Tag: XML

Trust no one! Most security issues comes from assuming that no bad person is going to tamper with your input data. We usually pay more attention to it when processing the most common inputs, such as an HTTP request or some argument that’s going into an SQL query. But we usually don’t pay much attention to other types of resources that are also vulnerable to malicious thinking – such as an file.

are an XML feature which allow you to embedded an external source into your document. For example, let’s suppose that your application responds to queries using an XML schema, which contains a disclaimer footer. Your legal department is prone to changing the wording on it so it probably makes sense to take it from an external file, so that your templates (which are part of your deployed source code) are not modified. Such templates could look like this:

Hello friends! How’s it going?

Has the following ever happened to you? You show up to work one morning and your boss tells you, “I need you to take this data and turn it into .” Well, this has happened to me, and in this blog post I’m going to show you how to do this quickly.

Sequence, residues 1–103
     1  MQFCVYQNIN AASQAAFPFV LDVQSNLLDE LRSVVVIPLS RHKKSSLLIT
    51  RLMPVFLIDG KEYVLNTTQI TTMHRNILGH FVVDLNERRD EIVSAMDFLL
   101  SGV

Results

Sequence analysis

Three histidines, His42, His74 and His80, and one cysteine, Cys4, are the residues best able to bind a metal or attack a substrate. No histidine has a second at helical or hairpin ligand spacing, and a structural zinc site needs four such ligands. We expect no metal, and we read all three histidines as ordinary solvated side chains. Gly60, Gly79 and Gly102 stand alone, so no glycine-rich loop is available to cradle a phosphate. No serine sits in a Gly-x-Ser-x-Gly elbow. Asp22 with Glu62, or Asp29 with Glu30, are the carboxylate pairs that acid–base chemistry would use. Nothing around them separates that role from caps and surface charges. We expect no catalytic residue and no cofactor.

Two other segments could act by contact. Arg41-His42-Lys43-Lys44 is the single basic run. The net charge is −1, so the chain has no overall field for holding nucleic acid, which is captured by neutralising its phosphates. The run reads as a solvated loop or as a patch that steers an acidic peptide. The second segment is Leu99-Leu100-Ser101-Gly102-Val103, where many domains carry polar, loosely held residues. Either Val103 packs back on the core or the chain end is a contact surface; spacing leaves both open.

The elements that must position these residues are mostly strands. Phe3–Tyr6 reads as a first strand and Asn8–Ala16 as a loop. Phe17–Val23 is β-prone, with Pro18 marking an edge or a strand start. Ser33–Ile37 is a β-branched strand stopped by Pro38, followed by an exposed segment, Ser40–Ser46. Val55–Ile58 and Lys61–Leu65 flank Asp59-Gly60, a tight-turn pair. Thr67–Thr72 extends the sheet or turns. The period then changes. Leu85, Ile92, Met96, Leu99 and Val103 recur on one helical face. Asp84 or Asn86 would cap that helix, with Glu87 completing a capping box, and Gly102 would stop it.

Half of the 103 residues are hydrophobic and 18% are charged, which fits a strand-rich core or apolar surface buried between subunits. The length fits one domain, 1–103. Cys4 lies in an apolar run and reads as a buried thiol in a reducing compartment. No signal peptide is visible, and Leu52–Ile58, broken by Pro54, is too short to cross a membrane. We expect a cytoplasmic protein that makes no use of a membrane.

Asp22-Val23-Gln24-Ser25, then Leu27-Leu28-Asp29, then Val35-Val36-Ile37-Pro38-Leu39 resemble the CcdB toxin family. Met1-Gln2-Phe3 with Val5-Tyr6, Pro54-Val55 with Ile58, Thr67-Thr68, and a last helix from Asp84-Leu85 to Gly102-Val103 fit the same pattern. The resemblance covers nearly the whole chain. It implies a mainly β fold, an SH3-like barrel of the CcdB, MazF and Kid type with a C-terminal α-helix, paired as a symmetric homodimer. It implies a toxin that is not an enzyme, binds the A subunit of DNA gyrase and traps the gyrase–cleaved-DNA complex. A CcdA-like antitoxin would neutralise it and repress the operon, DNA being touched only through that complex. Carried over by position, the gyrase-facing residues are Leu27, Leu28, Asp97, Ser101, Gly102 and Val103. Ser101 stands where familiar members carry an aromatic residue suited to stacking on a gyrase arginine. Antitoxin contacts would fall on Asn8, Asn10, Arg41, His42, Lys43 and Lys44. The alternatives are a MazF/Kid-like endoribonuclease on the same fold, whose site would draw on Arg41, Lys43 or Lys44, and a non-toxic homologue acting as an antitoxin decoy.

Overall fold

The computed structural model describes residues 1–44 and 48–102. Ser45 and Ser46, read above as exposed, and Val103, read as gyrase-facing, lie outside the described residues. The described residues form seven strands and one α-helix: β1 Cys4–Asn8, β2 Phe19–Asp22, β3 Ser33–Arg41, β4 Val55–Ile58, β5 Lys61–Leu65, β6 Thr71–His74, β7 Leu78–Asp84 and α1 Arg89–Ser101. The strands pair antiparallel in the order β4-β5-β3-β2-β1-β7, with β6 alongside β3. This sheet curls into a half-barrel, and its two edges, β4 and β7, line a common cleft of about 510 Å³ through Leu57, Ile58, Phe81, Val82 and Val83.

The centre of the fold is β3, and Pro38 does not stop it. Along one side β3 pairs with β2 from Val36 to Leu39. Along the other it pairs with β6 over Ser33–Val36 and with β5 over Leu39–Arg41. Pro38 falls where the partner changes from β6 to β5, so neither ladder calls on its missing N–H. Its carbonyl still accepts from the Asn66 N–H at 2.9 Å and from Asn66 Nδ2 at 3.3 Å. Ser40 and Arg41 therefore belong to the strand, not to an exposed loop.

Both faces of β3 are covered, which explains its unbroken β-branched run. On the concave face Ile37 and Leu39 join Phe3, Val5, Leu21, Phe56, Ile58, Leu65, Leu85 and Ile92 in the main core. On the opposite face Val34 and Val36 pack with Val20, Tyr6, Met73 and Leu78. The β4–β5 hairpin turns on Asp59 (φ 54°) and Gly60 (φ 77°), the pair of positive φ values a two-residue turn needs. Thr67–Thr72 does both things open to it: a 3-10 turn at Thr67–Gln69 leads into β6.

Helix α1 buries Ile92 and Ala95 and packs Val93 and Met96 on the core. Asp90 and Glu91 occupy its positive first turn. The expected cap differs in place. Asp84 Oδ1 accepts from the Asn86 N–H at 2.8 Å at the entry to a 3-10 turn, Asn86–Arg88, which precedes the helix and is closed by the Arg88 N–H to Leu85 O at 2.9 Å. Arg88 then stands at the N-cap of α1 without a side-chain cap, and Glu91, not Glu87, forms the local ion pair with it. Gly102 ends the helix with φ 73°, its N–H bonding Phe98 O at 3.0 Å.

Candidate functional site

The other day I helped a customer figure out a little problem: they had an document and wanted to process it depending on an XPath expression. Here’s the config that shows what we were trying to achieve:

It is pretty common that messages contain as a payload and that those messages need to be validated/transformed. XML documents can be automatically validated using XSD, though those validations are structural and sometimes we need to manually code some in plain Java (especially in complex scenarios like validating references, existence conditions and value dependencies).

Configuring involves , and though using a decent  editor can help a lot (thanks to the contextual help it provides from Mule’s schemas), there is still a enough angle brackets to warrant a coffee break as projects get more complicated.

As the number of services in a Mule project increases, so does the amount of noise in its files, making it harder to understand and maintain them. We recommend splitting service files, but in Mule 3 we’ve decided to go further and tackle this problem with the introduction of pattern-based configuration.

When I recently switched to Galileo, I noticed that a file that had previously validated correctly now had errors. Since I did not change the file, something in Galileo’s of files must have changed.

The symptoms are these: